19th Century Mill Sites in Ledyard
Ledyard Connecticut (called North Groton prior to 1836), like other 19th century New England towns, had mills at nearly every suitable site for water-power. Many of these mills were on small, seasonal brooks and were a part-time source of income for the owners. The size of the brook, dry spells, and winter ice limited the power that could be generated and limited the times during the year when the mill could be operated.
Physical remains (dams or dam rubble, ponds, old foundations) provide clues to possible mill seats, but in many cases changes over the years have completely erased physical evidence of the site’s history. There are several 19th century map images available that mark mill sites and several of these have been used to construct the map below. In addition, Ledyard tax record summaries provide clues to mill ownership for cases in which mapped mills do not indicate the name of the mill.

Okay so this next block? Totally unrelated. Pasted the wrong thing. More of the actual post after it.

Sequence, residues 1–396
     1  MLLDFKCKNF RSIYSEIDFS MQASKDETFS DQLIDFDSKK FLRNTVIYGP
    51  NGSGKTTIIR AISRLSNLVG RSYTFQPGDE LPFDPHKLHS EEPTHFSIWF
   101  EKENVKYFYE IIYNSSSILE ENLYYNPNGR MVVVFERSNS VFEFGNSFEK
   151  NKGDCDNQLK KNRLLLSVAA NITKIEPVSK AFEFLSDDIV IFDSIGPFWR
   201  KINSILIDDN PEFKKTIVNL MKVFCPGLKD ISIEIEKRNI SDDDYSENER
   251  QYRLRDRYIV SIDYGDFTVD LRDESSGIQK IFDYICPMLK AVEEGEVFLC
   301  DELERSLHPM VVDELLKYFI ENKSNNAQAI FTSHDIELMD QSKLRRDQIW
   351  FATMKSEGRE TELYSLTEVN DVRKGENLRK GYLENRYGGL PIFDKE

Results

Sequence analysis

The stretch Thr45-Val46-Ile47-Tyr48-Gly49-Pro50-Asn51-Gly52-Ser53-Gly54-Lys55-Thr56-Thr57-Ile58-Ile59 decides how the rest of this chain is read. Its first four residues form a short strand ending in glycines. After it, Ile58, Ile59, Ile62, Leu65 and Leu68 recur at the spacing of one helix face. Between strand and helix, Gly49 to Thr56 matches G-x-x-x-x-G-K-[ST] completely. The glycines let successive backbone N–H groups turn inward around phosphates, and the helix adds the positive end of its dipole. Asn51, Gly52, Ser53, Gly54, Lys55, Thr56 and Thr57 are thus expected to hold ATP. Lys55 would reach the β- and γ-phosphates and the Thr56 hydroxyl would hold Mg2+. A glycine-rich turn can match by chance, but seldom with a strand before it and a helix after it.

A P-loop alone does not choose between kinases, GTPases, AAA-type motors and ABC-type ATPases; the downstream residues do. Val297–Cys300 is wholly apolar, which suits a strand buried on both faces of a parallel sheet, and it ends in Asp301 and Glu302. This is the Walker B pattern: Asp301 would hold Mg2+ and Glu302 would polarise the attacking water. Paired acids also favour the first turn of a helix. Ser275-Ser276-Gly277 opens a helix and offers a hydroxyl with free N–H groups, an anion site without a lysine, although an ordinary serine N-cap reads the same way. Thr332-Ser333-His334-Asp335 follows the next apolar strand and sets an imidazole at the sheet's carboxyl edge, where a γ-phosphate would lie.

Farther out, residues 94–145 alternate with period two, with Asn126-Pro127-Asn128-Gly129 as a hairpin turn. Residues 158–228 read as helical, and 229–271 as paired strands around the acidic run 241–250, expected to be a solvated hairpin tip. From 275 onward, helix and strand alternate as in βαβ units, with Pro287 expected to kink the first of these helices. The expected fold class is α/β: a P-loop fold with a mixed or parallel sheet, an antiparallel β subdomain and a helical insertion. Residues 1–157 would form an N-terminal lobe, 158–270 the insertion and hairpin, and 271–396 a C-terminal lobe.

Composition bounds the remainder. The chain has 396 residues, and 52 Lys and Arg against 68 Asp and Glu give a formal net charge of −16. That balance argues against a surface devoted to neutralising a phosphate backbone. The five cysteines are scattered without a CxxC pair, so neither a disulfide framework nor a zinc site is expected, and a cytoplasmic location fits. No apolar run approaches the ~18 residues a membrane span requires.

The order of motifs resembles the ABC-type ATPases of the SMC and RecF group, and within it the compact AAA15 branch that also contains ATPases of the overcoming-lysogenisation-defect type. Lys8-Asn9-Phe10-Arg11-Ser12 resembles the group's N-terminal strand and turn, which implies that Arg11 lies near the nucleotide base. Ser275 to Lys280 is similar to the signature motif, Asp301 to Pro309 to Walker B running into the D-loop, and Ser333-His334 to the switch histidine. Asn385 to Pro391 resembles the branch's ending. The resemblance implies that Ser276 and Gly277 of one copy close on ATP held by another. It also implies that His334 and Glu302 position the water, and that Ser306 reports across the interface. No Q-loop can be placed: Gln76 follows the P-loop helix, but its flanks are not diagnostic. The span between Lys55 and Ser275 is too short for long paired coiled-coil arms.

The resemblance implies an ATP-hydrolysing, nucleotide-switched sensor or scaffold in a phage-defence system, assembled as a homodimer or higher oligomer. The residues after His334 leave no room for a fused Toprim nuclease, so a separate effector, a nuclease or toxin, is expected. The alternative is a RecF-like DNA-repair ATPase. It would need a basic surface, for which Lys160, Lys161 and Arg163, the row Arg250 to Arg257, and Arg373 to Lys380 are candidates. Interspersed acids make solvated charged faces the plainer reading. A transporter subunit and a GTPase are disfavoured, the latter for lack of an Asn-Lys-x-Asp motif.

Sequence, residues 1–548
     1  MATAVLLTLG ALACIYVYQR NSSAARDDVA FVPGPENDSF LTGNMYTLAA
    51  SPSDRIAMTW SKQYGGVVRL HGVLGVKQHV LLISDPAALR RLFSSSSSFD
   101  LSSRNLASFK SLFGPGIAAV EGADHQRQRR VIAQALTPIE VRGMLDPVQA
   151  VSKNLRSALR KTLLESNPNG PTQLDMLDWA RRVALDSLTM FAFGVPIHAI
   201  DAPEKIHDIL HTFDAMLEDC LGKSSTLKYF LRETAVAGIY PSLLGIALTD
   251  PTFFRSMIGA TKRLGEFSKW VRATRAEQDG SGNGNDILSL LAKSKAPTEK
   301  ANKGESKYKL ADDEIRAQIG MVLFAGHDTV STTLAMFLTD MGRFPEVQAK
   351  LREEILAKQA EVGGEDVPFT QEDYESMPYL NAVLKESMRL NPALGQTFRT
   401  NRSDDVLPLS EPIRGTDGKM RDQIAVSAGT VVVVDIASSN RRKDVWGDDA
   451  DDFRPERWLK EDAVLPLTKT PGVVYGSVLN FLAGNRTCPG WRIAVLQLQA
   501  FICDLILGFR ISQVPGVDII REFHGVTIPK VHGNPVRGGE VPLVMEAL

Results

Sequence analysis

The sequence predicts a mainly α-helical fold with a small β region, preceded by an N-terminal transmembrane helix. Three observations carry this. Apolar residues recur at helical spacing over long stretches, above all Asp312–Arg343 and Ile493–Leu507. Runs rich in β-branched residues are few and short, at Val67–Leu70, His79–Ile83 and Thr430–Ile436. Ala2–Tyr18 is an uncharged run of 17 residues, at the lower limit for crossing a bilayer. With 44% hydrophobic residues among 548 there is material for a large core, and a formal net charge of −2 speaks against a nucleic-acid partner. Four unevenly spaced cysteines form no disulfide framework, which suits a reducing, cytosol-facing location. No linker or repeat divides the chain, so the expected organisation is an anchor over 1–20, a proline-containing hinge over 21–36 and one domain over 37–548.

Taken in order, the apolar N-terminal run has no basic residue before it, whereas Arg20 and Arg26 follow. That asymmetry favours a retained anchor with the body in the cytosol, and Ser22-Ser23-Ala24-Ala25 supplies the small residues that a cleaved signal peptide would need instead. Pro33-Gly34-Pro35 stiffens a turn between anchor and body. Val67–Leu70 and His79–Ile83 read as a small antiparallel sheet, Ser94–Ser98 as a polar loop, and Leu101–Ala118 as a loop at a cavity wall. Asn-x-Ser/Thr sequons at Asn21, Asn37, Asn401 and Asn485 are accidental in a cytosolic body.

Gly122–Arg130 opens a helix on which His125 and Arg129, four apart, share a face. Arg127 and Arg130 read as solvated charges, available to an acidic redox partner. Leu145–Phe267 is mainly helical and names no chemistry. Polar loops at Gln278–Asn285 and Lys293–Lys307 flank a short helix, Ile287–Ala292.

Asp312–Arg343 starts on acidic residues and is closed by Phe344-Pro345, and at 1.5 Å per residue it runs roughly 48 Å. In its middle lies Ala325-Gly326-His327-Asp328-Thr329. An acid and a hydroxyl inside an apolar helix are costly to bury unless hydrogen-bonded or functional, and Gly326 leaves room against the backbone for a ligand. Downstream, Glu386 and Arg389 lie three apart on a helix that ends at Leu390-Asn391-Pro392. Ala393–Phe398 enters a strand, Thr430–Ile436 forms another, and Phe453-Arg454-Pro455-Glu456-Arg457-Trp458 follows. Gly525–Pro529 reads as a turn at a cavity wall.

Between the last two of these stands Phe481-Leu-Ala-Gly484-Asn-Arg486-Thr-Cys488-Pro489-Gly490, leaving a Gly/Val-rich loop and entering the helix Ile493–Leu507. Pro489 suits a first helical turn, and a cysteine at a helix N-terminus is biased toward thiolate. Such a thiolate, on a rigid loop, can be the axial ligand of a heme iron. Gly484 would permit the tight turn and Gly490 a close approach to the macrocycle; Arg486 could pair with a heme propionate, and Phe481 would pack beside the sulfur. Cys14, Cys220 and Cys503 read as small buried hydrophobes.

ReferencesLedyard tax records. Jan Bell Historical Room, Bill Library, Ledyard, CT.Sources of historic map images of Connecticut include the Library of Congress and the University of Connecticut Library Historic Map Collection.Lester, William. Map of Windham and New London Counties. Map. New Haven: Daggett and Healy, 1833. Walling, H.F. Map of New London County, Connecticut. Map. Philadelphia: W. Baker, 1854. Beers, F.W. Atlas of New London County, Connecticut, From Actual Surveys. F.W. Beers & Co., 1868.
This map of mill sites is very likely incomplete. Have information on a mill site in Ledyard that is not listed? Please email us at firstname.lastname@example.org